I just read Nan’s report in the previous post, so I’m inspired to share some of my results. We’re still staying fairly cool here, though not as cool as San Diego. Very few days over 100 so far this summer and we probably should have had 15-20 so far. No complaints, mind you.
I think the only cool-weather crop I tried in spring was the ‘Magnolia Blossom’ snap peas. They didn’t get a very fair test, having much competition from volunteer sunflowers, which they climbed on nicely. I didn’t get much production, which I’ll credit to the competition. But they are a delicious edible-pod pea. I give them thumbs up!
‘Aton’ basil went in early and started fairly quickly. I didn’t get my usual open-pollinated ‘Genovese’ basil in, so I don’t have a side-by-side comparison. ‘Aton’ makes an excellent pesto, which is par for a ‘Genovese’-type. I will also vouch for long shelf life. It can stay in the kitchen in a vase for 10 days or more. It re-grows to cutting stage pretty quickly, possibly because it is smaller. All in all: an excellent basil. But I see no reason to switch. For a small garden or for container growing there might be an advantage.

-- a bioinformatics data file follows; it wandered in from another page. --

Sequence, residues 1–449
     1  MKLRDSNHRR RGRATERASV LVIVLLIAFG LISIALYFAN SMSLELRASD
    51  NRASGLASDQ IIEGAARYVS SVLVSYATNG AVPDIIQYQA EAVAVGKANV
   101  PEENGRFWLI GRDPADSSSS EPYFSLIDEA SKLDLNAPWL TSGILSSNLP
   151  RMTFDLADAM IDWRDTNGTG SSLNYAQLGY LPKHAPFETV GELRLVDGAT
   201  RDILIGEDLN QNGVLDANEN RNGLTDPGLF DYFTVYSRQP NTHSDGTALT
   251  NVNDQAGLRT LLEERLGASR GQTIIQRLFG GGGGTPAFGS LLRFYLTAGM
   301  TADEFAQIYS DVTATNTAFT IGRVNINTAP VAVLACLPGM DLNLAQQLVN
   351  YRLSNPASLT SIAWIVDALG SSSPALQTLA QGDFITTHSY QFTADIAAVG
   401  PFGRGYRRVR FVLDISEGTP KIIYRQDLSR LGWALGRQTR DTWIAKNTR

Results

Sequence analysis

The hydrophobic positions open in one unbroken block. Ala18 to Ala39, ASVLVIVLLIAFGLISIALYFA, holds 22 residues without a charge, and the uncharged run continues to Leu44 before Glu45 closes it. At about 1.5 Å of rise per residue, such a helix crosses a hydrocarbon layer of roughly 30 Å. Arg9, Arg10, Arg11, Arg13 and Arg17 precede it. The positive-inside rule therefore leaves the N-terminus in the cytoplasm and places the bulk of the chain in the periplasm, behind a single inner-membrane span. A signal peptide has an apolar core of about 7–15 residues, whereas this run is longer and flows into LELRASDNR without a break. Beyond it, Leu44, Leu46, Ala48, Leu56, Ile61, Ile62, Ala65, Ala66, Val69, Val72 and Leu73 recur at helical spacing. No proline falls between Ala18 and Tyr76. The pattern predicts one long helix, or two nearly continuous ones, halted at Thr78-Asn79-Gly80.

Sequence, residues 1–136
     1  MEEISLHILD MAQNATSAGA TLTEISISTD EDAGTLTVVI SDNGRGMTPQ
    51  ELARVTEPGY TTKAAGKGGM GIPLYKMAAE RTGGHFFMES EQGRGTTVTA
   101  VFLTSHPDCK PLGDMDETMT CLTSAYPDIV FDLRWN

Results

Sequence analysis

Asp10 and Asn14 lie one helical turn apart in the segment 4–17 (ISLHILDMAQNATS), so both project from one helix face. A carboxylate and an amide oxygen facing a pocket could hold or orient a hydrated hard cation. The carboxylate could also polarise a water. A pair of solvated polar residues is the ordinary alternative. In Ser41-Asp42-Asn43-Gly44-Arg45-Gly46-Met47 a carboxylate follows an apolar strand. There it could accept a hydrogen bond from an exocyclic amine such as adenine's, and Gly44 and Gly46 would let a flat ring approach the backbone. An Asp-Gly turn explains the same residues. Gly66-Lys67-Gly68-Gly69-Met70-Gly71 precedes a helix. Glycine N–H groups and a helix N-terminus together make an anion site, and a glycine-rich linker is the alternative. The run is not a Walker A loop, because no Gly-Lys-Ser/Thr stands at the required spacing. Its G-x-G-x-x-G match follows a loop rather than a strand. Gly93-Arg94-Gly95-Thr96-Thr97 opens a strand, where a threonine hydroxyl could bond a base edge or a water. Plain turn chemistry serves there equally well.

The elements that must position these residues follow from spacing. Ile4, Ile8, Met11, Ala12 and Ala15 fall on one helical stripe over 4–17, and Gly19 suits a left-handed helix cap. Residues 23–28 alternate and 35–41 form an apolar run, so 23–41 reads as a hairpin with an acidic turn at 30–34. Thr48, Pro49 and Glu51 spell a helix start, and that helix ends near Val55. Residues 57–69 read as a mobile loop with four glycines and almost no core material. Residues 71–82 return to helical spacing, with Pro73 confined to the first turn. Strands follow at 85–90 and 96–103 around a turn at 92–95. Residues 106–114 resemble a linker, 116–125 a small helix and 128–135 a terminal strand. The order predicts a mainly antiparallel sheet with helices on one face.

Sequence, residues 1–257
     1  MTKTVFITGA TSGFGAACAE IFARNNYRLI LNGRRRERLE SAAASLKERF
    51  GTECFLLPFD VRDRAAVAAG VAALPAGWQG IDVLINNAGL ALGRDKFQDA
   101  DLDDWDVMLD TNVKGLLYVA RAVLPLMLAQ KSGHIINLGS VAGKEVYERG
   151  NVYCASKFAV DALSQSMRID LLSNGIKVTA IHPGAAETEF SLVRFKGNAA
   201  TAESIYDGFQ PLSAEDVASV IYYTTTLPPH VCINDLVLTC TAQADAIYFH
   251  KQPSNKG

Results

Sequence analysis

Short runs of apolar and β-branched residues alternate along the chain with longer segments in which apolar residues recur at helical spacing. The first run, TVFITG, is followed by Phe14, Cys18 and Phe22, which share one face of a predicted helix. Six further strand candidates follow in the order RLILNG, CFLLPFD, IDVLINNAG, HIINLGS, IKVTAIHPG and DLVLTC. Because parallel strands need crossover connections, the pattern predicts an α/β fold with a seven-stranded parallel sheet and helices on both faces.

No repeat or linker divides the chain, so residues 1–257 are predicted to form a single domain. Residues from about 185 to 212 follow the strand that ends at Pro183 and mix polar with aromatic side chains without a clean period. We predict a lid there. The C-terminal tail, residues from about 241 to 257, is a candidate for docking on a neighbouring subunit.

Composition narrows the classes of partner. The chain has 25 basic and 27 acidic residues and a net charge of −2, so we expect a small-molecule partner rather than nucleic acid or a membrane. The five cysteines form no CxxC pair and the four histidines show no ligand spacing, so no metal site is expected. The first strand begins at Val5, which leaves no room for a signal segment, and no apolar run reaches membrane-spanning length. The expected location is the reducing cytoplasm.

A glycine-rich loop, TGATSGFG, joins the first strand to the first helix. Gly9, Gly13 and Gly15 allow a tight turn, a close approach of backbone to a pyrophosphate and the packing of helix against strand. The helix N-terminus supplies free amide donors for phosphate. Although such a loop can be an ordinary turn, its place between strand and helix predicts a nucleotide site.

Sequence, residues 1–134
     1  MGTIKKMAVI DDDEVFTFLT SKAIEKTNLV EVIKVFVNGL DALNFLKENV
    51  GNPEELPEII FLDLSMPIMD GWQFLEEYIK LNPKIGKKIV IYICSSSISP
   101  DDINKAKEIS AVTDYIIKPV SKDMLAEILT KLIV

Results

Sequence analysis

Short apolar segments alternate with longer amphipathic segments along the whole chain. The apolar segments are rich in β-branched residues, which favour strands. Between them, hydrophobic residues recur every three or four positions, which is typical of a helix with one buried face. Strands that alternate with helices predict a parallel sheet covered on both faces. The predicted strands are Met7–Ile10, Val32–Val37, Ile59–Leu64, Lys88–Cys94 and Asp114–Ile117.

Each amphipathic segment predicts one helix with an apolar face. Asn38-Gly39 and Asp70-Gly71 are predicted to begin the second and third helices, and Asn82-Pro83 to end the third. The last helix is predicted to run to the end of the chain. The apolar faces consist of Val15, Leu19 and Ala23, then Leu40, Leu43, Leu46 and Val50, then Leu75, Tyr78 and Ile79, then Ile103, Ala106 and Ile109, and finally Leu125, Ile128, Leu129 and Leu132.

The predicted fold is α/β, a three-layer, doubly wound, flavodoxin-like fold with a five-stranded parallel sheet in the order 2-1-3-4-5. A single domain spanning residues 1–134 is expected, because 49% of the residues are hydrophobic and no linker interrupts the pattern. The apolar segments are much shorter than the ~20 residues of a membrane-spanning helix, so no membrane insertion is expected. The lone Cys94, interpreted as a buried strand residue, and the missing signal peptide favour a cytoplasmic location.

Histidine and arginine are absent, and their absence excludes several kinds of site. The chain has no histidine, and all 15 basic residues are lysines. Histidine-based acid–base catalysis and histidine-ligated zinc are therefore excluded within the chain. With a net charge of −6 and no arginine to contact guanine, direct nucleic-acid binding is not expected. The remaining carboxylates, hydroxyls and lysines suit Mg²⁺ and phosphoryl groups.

On cucumbers I’m very much in agreement with Nan. ‘Little Potato’ looks strangely cool. They’re viciously productive so far. But I (and two of my customers who’ve responded) find them to be too soft and seedy in the middle. Flesh is too thin. Taste like any cucumber. I’ve let some go to about baseball size hoping the flesh would thicken. It didn’t.
I’ve peeled them and scooped out the seeds to form a bowl. Once stuffed them with tuna salad. Tonight filled them with a kind of Caprese salad: chopped onions, crushed garlic, yellow pear and ‘Black Prince’ tomatoes, chopped pieces of ‘Lime Crisp’ cucumbers, fresh mozzarella, seasoned salt. So, the only benefit I see is the novelty of the shape for presentation. Otherwise, if I want a round cuke, I’ll stick with old-fashioned lemon cucumbers.